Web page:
HSCC Historic Formula 1 Race
Brands Hatch, 12 Jun 1983
|1||John Brindley||Tyrrell 008  - Cosworth DFV V8
#4 Bell & Colvill Ltd (see note 1)
|2||Mike Littlewood||Ensign N177 [MN09] - Cosworth DFV V8
#7 Ken Moore (see note 2)
|3||John Narcisi||Surtees TS19  - Cosworth DFV V8
#21 Ken Moore (see note 3)
|4||Brian Cocks||McLaren M19A  - Cosworth DFV V8
#2 Atlantic Computer Leasing
|DNSP||John Foulston||McLaren M29C  - Cosworth DFV V8
#1 Atlantic Computer Leasing (see note 4)
|Did not start (retired on parade lap)|
|DNS||Mike Wilds||(libre) 3.8-litre Williams FW07C  - Cosworth DFV V8
#11 Colin Bennett Racing (see note 5)
|Did not start
|DNA||TBA||McLaren M19C  - Cosworth DFV V8
#12 Ken Moore
|Did not arrive|
All cars are 3-litre F1 unless noted.
|Qualifying information not available|
Notes on the cars:
- Tyrrell 008  (John Brindley): First appearing at the 1978 South African GP, Tyrrell 008-3 was Patrick Depailler's regular car through 1978, and was the car in which he won the 1978 Monaco GP. It was sold to Melchester Racing for 1979, and raced by Desire Wilson in Aurora British F1. It was then acquired by Nick Mason, and raced by John Brindley in the 1982 BF1 series, in HSCC Historic F1 in 1982 and 1983, and in the one-off the MCD British Open race in 1983. Mason sold the car in October 1991, and it returned to historic racing in 1993. It has raced regularly in historic racing ever since, appearing at Monaco in 2002 and in 2008.
- Ensign N177 [MN09] (Mike Littlewood): Mario Deliotti Racing ran Ensign N175 MN04, updated to 1977 specification, in Aurora British F1 in 1978. Towards the end of that season, a new N177 was built for the team, bearing chassis number MN09, although that number would confusingly be used on Ensign's 1979 N179 as well. The N177 was raced by Val Musetti in BF1, then by Geoff Lees in the Australian Rothmans series in 1979. It then remained unraced through four seasons before Ken Moore entered it for Mike Littlewood in the 1983 British Open. When this series was cancelled, Moore ran it in HSCC and libre races for Littlewood in 1983 and 1984. The next two owners did little with it until it returned to HSCC racing in 1992. Five subsequent owners have also used it in TGP and then in Masters F1.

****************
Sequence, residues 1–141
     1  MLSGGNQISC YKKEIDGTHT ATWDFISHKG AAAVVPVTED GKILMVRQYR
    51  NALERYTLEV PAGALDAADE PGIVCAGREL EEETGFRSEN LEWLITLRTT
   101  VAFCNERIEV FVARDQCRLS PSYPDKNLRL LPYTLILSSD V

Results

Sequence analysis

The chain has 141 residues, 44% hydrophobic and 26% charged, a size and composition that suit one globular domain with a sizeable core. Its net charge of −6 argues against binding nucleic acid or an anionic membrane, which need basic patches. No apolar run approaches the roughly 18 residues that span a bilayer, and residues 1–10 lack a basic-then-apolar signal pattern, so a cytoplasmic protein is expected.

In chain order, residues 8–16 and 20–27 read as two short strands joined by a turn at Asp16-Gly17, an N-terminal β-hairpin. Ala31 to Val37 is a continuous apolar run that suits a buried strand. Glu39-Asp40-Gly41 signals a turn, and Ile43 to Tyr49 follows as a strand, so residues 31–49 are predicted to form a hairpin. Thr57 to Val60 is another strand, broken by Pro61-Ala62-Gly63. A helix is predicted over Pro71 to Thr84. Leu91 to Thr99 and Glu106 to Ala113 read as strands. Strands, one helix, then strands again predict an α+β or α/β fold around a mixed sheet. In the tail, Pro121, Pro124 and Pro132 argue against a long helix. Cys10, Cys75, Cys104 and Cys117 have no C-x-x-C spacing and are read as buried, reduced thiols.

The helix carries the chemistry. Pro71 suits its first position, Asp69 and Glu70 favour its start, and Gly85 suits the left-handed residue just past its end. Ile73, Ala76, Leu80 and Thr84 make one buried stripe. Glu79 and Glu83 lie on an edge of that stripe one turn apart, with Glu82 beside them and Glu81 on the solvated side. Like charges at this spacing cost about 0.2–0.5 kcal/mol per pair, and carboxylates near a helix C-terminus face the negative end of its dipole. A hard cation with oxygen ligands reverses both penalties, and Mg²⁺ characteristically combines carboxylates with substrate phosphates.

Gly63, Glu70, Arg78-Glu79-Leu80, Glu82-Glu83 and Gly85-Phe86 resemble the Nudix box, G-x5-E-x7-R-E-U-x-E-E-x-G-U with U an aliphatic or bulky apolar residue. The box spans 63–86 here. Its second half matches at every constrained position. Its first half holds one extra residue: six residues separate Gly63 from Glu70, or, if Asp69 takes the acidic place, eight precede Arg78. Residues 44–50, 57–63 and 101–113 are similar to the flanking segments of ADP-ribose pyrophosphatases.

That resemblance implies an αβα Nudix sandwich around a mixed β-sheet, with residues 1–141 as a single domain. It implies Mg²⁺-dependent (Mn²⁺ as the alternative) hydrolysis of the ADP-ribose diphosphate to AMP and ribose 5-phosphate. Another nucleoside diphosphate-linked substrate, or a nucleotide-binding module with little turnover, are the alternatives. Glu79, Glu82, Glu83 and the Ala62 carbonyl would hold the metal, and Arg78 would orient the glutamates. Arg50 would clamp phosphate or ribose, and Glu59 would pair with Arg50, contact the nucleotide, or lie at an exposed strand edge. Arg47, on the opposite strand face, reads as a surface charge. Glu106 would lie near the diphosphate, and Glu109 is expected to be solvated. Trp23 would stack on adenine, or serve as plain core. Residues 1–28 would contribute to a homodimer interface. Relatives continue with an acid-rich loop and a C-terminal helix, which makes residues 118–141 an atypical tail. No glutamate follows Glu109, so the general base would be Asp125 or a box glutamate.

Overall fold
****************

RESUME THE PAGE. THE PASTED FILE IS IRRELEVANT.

- Surtees TS19  (John Narcisi): Alan Jones received a new car, Surtees TS19/04, in time for the 1976 Austrian GP, and raced this for the rest of the season. It was raced by Vittorio Brambilla in the South American races at the start of 1977, before being sold to Olympus Cameras for Divina Galica to race in Shellsport Group 8. It was acquired by Alo Lawler in 1978, but was quickly sold to John Cooper, then to Robin Smith. Smith updated it to "TS20S" specification in 1980, and added sports car bodywork for a couple of Can-Am events in 1981. It was sold to Ken Moore and then Rod Tolhurst, both of whom ran it in HSCC F1 in 1983 for Willie Green and John Narcisi. Its next seven owners did not race it, but it returned to competition in TGP in 1999, then raced regularly until 2012. It returned for Monaco in 2016.
- McLaren M29C  (John Foulston): After the McLaren M28s were abondoned, McLaren M29/2 was new at the 1979 German GP for Patrick Tambay. It was updated to M29B then M29C specification for John Watson in 1980, then to M29F spec in 1981 as a spare car. Arnold Glass then bought this and a sister M29C for British F1 in August 1981, retaining it as a spare for 1982. It was then sold to John Foulston, who raced it in HSCC F1 in 1983 and 1984. It was then sold to an Italian owner, and remained in Italy for many years. It returned to competition in Masters F1 with its new owner in early 2018.
- Williams FW07C  (Mike Wilds): Built new in 1981, Williams FW07C/15 was raced by Alan Jones at Monaco, and by Keke Rosberg at Long Beach in 1982. It was then sold to Colin Bennett Racing and fitted with a 3.8-litre DFV for Mike Wilds to race in the 1983 British Open series. Wilds won the first race, only for the series to be cancelled. The car was converted to Can-Am spec for 1984, but was wrecked by Walter Lechner at Trois-Rivières. Rebuilt on a new chassis, it was a rental car in Interserie before being crashed again. Lechner sold it to an American who raced it in US historic racing (HGP) from 1992 to 1995. Five subsequent owners have raced it in HGP, TGP and Masters F1.
The identification of individual cars in these results is based on the material presented elsewhere in this site and may in some cases contradict the organisers' original results.
Individual sources for this event
Autosport 23 Jun 1983 pp60-61 and entry list from programme.